Satire: Bush Investigates Self Finds No Wrongdoing
Bush investigates self, finds no wrongdoing
President's one man, blue-ribbon panel clears Bush of misleading the nation--but some Democrats remain skeptical.
Satire from… freepressed.com
Caption: President Bush is captivated by his reflection in the mirror, much like a discredited president caught in the spotlight.
Oval Office-- After a hard look at himself in the mirror on Monday, President Bush said he doesn't believe he is guilty of lying to the American public about the threat Saddam Hussein posed to the United States and so people should just get over it already.
"I have seen into my soul and I like what I see," the president said as he came out of the oval office. "It is obvious after my initial interrogation of myself that I wouldn't do that kind of thing."
The president was grilled by Bush for hours in an attempt to find out what he knew and when he knew it. He had hoped that by calling the investigation he could silence his critics on the pre-war intelligence used to justify the invasion of Iraq. But still, questions remained among Democrats who had been pushing for an inquiry.
"So the president goes into the Oval Office and plays with his imaginary friend for a couple of hours and suddenly he's innocent of everything," Sen. Joe Biden (D-Delaware) asked. "I don't mean to be cynical here but what the hell?"
"Listen, this wasn't some panzy-assed, Tim Russert, softball interview. I really held my feet to the fire in there," Bush said. "I'm just telling you what the report says. Don't shoot the messenger."
"I'm sorry Mr. President, but you investigating yourself would be like appointing a commission to investigate the pre-war intelligence but limiting the scope to exclude your use of it."
"Oh yeah, I'm doing that, too."
Caption: Even Democrats hate to see McCain used by the administration to give them cover.
The president went on to explain that now that he had been exonerated by himself the WMD panel wouldn't have to bother scrutinizing everything he may or may not have said about Iraq's weapons capabilities.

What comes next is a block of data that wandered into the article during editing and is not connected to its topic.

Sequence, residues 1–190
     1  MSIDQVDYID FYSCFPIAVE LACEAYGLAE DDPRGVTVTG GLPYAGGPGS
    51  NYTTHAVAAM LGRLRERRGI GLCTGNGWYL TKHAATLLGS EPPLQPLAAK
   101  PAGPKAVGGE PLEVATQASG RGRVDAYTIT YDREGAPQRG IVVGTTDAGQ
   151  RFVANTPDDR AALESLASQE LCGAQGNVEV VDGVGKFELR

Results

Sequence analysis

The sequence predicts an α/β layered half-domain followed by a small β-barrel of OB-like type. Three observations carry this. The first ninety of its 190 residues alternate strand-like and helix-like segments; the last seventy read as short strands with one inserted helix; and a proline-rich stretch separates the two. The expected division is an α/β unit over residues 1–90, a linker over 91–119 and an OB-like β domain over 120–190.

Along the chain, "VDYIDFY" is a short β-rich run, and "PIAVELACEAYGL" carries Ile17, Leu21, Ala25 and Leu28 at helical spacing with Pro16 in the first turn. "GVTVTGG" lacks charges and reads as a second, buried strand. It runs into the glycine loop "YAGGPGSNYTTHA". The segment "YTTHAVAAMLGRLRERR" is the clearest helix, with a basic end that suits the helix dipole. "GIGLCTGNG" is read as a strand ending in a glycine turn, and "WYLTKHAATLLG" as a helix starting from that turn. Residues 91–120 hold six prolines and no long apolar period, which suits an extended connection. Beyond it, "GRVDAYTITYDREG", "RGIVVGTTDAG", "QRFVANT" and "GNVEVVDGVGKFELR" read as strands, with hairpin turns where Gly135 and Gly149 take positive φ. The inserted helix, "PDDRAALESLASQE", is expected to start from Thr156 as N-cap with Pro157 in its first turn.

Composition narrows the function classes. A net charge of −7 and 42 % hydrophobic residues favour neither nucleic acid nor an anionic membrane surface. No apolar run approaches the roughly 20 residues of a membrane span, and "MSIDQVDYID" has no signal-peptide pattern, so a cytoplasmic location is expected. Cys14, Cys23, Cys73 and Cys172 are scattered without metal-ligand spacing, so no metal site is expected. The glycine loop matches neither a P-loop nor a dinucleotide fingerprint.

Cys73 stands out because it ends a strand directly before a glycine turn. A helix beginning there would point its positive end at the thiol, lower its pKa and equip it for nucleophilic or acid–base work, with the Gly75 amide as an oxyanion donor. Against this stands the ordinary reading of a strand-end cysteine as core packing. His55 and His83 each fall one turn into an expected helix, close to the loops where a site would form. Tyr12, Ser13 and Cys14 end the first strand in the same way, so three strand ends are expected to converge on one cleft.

"That's all water under the bridge, now, anyway. Huh, guys? The important thing is that we're in Iraq now. Why don't we all just make the best of it."
President Bush appointed what he described as a bipartisan, independent and completely transparent panel to investigate the false pre-war claims about Iraq's weapons. As proof of the commission's objectivity, the president tapped Sen. John McCain (R-Arizona) to join the panel.
McCain, who was in New Hampshire campaigning for the president's reelection, said he would be delighted to lend an air of false credibility to the investigation.
"While I am known for being somewhat of a maverick, often times critical of the Bush administration, in this situation I feel it is important to tow the party line and make sure nothing comes out of the investigation that could damage the GOP."
The panel is to be co-chaired by Laurence "October Surprise" Silberman, a former member of Ronald Reagan's senior campaign staff who has a rich history helping Republican presidents steal elections.
He is alleged to have orchestrated a delay of the release of American embassy hostages in Iran until after the November 1980 election to ensure Reagan's victory.
Caption: President Bush, flanked by Chuck Robb, left, and Laurence Silberman, right, announces the formation of the WMD panel and explains that it will be unnecessary for it to go sticking its nose in the president's business.
Silberman has denied any involvement in the arms for hostages scandal exposed during the Iran-Contra hearings yet cast the deciding vote in a three-judge panel that resulted in dismissing the criminal convictions of Admiral John Poindexter and Lt Col Oliver North for lying to Congress in connection with the scandal.
In 2002, Silberman served on another secret three-judge panel called the Foreign Intelligence Surveillance Court, which approved expanded wiretap access sought by the federal government under the Patriot Act.
Bush admitted that Silberman was a right-wing operative whose appointment was meant to stymie the current WMD investigation.
"This is what's called a whitewash. You see, I'm the president so I get to decide if I'm going to be investigated or not."
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